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MEC Handbook
One of many hoops
The Bureaucracy of Politics

September 30th, 2015
by Taylor Pitchford

Working for the Missouri Volunteer Movement has been a great experience for me. I have had the privilege of watching it go from an idea shared by a small group of individuals, to forming a PAC (Political Action Committee), opening a bank account for the committee, building a website, and setting up a Facebook page.

Now this may not seem like a lot, but it has taken a lot of work and we have had to jump through a lot of hoops to accomplish this much. When trying to set up the PAC – which we had to set up in order to accept donations, in order to form an official party later down the road – we had to read through the Missouri ethics laws (a mess in itself). The problem was figuring out what kind of committee to form… and there were a lot of legal grey areas.

I decided to email the Missouri Ethics Commission in order to determine the best fit. When I didn’t receive a reply after a few days, I re-sent the exact same email with URGENT in the subject box. Suddenly, I received a reply by the end of the day.

The point I’m trying to make is that there are so many rules to learn, and so much nonsense to sift through, that it makes it difficult for citizens to be involved. Even if someone were to simply attempt to read the Missouri Constitution they would have a difficult time due to the large words and run-on sentences.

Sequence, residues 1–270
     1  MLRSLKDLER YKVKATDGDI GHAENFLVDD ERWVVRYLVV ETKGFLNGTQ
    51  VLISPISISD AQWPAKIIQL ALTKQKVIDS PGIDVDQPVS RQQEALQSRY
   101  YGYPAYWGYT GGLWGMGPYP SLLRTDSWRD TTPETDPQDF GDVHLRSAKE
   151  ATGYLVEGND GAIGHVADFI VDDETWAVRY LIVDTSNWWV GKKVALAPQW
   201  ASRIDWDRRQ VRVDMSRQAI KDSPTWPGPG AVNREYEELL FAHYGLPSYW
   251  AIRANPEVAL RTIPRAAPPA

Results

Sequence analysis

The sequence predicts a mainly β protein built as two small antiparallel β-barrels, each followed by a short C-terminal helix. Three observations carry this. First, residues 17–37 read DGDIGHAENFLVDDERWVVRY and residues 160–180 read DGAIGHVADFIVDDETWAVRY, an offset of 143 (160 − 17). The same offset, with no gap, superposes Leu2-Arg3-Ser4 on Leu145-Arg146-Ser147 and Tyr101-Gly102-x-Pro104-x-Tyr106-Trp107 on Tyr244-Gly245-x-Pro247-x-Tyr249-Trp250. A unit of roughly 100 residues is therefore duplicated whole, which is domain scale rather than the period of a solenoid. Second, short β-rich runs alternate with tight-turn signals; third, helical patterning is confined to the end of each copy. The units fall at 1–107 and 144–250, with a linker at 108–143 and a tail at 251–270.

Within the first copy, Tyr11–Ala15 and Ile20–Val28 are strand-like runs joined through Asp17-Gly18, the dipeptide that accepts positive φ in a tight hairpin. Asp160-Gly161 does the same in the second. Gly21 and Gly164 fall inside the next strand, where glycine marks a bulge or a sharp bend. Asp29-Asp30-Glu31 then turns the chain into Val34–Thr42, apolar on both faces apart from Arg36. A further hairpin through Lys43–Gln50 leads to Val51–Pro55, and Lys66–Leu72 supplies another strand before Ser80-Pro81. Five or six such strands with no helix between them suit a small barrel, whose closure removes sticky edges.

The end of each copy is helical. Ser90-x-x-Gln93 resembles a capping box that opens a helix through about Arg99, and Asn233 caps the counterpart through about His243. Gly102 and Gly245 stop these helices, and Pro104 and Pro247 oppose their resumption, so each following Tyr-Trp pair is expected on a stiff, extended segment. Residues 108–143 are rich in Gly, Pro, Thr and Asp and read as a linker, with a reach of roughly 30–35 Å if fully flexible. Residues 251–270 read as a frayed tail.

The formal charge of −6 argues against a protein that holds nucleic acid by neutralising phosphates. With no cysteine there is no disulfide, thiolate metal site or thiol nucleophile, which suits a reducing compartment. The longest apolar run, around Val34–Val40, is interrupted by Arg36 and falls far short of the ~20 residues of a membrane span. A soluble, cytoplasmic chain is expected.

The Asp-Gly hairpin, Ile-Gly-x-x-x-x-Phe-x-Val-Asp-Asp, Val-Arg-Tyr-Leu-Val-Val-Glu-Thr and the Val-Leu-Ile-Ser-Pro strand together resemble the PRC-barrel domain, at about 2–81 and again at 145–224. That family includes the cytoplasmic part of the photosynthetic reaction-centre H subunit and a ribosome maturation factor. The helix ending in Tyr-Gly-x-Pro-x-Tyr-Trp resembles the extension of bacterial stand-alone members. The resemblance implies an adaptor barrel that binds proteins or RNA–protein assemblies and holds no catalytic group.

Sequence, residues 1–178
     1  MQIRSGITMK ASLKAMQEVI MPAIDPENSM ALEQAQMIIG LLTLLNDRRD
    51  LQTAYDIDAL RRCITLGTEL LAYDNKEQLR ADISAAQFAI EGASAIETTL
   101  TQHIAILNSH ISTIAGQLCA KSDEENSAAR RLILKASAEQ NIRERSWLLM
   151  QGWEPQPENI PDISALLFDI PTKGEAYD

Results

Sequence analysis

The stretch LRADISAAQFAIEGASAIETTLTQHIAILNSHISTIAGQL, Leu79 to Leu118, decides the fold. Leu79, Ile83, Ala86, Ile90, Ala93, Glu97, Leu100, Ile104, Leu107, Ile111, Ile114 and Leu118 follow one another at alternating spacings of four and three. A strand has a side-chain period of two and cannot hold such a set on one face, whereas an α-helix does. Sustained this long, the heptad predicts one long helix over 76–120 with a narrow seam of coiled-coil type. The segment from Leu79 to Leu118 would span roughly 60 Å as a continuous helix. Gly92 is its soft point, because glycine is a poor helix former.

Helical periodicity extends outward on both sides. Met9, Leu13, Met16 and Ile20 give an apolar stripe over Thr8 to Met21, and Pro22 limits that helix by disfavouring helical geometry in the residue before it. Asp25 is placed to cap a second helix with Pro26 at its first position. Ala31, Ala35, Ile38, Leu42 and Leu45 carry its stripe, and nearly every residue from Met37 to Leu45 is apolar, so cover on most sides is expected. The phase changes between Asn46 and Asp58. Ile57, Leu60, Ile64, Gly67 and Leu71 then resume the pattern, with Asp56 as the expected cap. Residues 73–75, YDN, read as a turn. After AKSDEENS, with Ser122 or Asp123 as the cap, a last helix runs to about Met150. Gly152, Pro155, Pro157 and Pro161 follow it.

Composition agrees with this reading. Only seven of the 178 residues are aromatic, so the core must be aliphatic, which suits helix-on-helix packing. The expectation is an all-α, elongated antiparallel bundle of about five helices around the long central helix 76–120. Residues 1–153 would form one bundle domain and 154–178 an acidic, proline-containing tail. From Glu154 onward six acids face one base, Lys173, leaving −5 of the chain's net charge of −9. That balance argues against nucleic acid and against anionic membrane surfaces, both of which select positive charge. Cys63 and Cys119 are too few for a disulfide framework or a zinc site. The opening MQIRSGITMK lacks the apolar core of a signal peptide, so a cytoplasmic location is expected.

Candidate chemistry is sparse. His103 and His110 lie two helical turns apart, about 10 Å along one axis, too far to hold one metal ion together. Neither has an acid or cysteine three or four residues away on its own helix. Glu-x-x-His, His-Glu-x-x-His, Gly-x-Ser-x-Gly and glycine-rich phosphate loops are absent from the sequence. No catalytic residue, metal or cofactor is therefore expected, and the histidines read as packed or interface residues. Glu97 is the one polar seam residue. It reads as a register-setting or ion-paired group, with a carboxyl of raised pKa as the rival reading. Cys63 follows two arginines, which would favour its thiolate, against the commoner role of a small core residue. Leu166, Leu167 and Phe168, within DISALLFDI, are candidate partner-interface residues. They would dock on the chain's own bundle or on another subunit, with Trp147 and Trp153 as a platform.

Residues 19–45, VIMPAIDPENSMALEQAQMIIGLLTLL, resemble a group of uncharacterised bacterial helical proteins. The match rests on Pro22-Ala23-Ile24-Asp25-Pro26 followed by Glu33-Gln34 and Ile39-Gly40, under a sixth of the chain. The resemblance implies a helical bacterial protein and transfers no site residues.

Another problem I noticed is that the state bureaucrats simply don’t seem to care whether what they deem as “ordinary” people are kept informed about, or understand, the regulations set up to participate in their government. We even attempted to reach out to the Secretary of State to have him assist us, and still have not received a reply over a month later. (Click here to read the full story.)

Citizens should have the ability to read and understand their state constitution and laws – otherwise how can they actively take part? With all of the nonsense prominent in politics this is nearly impossible for the average person. Therefore, the Missouri Volunteer Movement is determined to enact changes to make it possible.

Taylor Pitchford is a Volunteer leader in Jefferson County, and the secretary for Missouri Volunteers for Government Reform, a Political Action Committee (PAC) of the Volunteer Movement. Click here to read her bio or contact her.

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